The views expressed in our content reflect individual perspectives and do not represent the official views of the Baha'i Faith.

Every word of thy poetry is indeed like unto a mirror in which the evidences of the devotion and love thou cherishest for God and His chosen ones are reflected. Well is it with thee who hast quaffed the choice wine of utterance and partaken of the soft flowing stream of true knowledge. – Baha’u’llah, Tablets of Baha’u’llah, pp. 175-176.

The gift of God to this enlightened age is the knowledge of the oneness of mankind and the fundamental oneness of religion. War shall cease between the nations and by the will of God the most great peace shall come; the world will be seen as a new world and all men will live as brothers. – Abdu’l-Baha, Divine Philosophy, p. 13.

I had waited for years to re-read Waiting For Spring (1978), the small volume of poetry by Richard P. Jones, my poetry mentor at Pacific Lutheran University, back in my college days. After having checked out Waiting For Spring for several weeks, today the book was due back at the library. So I returned this obscure, yet precious, collection of poems to the Squirrel Hill branch of the Carnegie Library of Pittsburgh—but not without writing down one more poem.  

Back when I studied with Professor Jones, I had no idea that, one day, I would teach a course on poetry. At Michigan State University, in the spring 2004 semester, I designed and taught a course called “Poetry as Social Commentary.” If you were one of my students, you would have read the following from the course syllabus on the first day of class:

The voice of the social poet is prophetic. Not always right, but always true—true to life through the filter of the poet’s kaleidoscopic eyes and mental prism. The light that comes out of their eyes is refracted with meaning, their vision of what it means to be an American and, more importantly, what it means to be a human, a world citizen. “Let not a man glory in this, that he loves his country. Let him rather glory in this, that he loves his kind.” [Baha’u’llah] These words, spoken by a Persian sage in a Turkish prison in a historic interview with a Cambridge scholar in 1890, says something about the relationship of a nation among nations—and by extension, the relationship of America to the rest of the world.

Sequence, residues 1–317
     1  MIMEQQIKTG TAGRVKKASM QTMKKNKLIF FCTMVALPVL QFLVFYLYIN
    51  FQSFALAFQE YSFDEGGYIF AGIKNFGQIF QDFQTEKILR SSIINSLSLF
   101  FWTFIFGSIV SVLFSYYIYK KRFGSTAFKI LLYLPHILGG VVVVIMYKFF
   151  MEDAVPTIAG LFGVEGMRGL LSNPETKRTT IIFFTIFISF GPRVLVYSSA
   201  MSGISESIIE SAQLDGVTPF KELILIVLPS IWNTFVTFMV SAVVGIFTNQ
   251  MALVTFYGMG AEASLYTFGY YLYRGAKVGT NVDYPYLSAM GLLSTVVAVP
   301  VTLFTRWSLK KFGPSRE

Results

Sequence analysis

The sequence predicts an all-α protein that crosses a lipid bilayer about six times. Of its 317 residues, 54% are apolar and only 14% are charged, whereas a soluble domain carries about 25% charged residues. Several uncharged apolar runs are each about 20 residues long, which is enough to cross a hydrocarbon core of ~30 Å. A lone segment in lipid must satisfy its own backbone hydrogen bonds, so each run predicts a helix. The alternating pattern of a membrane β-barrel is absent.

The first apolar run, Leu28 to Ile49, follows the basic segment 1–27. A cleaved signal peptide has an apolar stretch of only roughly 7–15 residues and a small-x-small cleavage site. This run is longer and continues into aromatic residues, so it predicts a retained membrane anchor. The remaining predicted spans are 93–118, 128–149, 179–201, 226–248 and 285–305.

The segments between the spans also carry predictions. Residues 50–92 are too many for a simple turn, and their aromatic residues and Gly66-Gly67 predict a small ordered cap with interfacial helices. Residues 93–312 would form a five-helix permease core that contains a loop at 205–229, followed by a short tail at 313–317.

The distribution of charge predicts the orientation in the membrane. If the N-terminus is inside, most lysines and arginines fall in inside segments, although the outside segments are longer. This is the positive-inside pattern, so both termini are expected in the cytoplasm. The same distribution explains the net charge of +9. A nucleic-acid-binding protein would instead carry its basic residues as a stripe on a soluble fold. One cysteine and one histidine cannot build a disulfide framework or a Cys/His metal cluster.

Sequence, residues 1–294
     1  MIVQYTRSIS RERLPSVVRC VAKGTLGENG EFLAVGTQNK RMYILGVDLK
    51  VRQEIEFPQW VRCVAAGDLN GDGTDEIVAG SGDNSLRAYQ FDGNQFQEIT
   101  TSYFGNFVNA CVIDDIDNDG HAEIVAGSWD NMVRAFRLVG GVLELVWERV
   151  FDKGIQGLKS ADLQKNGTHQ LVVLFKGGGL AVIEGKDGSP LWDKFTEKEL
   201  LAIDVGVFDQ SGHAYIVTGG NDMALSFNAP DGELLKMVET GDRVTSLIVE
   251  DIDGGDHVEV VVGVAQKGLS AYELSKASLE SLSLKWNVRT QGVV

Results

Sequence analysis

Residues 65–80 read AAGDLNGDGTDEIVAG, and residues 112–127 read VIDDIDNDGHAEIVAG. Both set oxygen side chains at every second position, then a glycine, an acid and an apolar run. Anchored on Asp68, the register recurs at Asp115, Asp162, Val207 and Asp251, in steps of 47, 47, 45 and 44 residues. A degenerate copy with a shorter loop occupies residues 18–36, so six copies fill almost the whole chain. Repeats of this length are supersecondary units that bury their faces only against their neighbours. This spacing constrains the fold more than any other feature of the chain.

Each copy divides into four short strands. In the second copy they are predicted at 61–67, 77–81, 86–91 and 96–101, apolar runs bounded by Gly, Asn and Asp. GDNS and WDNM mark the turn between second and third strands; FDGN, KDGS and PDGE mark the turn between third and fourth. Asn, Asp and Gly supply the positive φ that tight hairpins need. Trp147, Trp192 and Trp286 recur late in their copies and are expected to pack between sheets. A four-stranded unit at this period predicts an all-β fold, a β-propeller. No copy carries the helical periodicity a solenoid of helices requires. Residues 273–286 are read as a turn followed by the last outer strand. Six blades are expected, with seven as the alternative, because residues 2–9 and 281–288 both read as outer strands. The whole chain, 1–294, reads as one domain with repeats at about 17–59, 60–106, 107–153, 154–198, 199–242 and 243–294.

So now let me take you back to the war in Vietnam. Here is a short poem about the Vietnam War, by my poetry mentor:

A Little War
Richard P. Jones

My brother died
in a little
war
but that’s no matter

We first
received
a telegram
then a
letter
signed by
The President
& a General
we did not
know

They didn’t
send his
dog tag
some one
said it
was lost

It doesn’t matter

I saw the
stitches
in his throat

– Waiting for Spring, p. 33.

Vietnam WarStark and staccato, this poem is notable not only for what it says, but for what it leaves unsaid. The poem is a silent shriek of grief.

Told matter-of-factly, this terse, laconic and cynical poem reads like a brief, unimportant report. The loss of the poet’s brother is recounted, almost as a statistic. Expected, perhaps. But unacceptable.

“A Little War” brings the Vietnam war home to America. All that remains is for the reader to identify the poet’s dead brother, whose throat was slit (presumably by the Viet Cong, in combat), with countless other casualties, on both sides. The corpse in the poem is nameless. That’s how that body can represent every body (casualty) in the ongoing “body count,” as famously recounted by the poet, Robert Bly:

Counting Small-boned Bodies
Robert Bly

Let’s count the bodies over again.

If we could only make the bodies smaller
The size of skulls
We could make a whole plain white with skulls in the moonlight!

If we could only make the bodies smaller
Maybe we could get
A whole year’s kill in front of us on a desk!

If we could only make the bodies smaller
We could fit
A body into a finger-ring for a keepsake forever.

— The Light Around the Body (1967; National Book Award for Poetry, 1968).

When I first heard this poem read at Pacific Lutheran University in 1972, I was shocked, stunned. Bly read several similarly disturbing poems that night. I’ll never forget how half the audience walked out of his poetry reading.

I wrote the following poem on January 23, 1973, when an announcement was made that a cease-fire agreement, known as the “Paris Peace Accords,” was to go into effect at midnight, January 27, 1973, prematurely marking the end of the war in Vietnam. That same night, I wrote this:

January 23, 1973
Christopher Buck

It has been announced that
war in Indochina
will not cease
till Saturday.
But the crowd at the Monday night
crosstown basketball brawl
explodes in applause
at the news
and
bombs the sweat-
steeped structure with
a negotiated moment
of silent prayer
before our true
blue salute to
stars
receded in distant heavens
as blood
spills off the white
flesh of flag
and floods a divided court
with cheers.

Poetry as social commentary? No further comment.

1 Comment

characters remaining
  • May 30, 2016
    Thank you Prof. This is a great article. "I am the grass; I cover all."